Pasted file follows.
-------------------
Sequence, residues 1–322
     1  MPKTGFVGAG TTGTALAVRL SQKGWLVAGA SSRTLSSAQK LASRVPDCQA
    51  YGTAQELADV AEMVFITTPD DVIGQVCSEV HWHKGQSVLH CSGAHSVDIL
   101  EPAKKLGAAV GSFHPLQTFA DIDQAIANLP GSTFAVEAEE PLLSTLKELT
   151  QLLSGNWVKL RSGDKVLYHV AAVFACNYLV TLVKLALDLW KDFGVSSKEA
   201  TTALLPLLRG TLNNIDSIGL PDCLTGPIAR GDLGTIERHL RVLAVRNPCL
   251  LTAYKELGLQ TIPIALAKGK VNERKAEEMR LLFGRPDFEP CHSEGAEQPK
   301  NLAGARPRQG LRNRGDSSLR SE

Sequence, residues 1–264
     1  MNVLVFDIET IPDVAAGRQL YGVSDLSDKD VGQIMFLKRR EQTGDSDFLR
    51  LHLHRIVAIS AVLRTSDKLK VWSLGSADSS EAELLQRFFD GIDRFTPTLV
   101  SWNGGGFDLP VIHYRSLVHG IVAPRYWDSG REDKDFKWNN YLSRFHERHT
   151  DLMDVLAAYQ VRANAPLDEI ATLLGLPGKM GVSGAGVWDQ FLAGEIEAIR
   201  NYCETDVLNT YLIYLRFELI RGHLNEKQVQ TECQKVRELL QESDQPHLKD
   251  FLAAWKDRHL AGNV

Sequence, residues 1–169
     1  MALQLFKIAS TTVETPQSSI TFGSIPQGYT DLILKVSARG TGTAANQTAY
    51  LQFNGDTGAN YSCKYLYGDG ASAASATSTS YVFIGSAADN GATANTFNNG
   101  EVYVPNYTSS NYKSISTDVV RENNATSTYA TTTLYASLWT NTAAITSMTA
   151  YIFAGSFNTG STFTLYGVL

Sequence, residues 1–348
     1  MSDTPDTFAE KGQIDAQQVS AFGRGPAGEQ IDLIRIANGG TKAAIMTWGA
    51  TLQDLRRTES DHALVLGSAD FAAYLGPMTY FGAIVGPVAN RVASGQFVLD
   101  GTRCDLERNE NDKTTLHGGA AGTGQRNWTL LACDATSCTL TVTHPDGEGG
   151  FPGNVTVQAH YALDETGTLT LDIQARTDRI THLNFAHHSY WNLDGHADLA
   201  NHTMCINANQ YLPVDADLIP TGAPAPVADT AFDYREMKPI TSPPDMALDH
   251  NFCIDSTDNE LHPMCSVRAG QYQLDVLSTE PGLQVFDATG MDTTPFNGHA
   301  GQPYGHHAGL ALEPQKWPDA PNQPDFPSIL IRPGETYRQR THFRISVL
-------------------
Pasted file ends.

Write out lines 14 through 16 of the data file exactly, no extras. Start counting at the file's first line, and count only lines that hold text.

   201  NYCETDVLNT YLIYLRFELI RGHLNEKQVQ TECQKVRELL QESDQPHLKD
   251  FLAAWKDRHL AGNV

Sequence, residues 1–169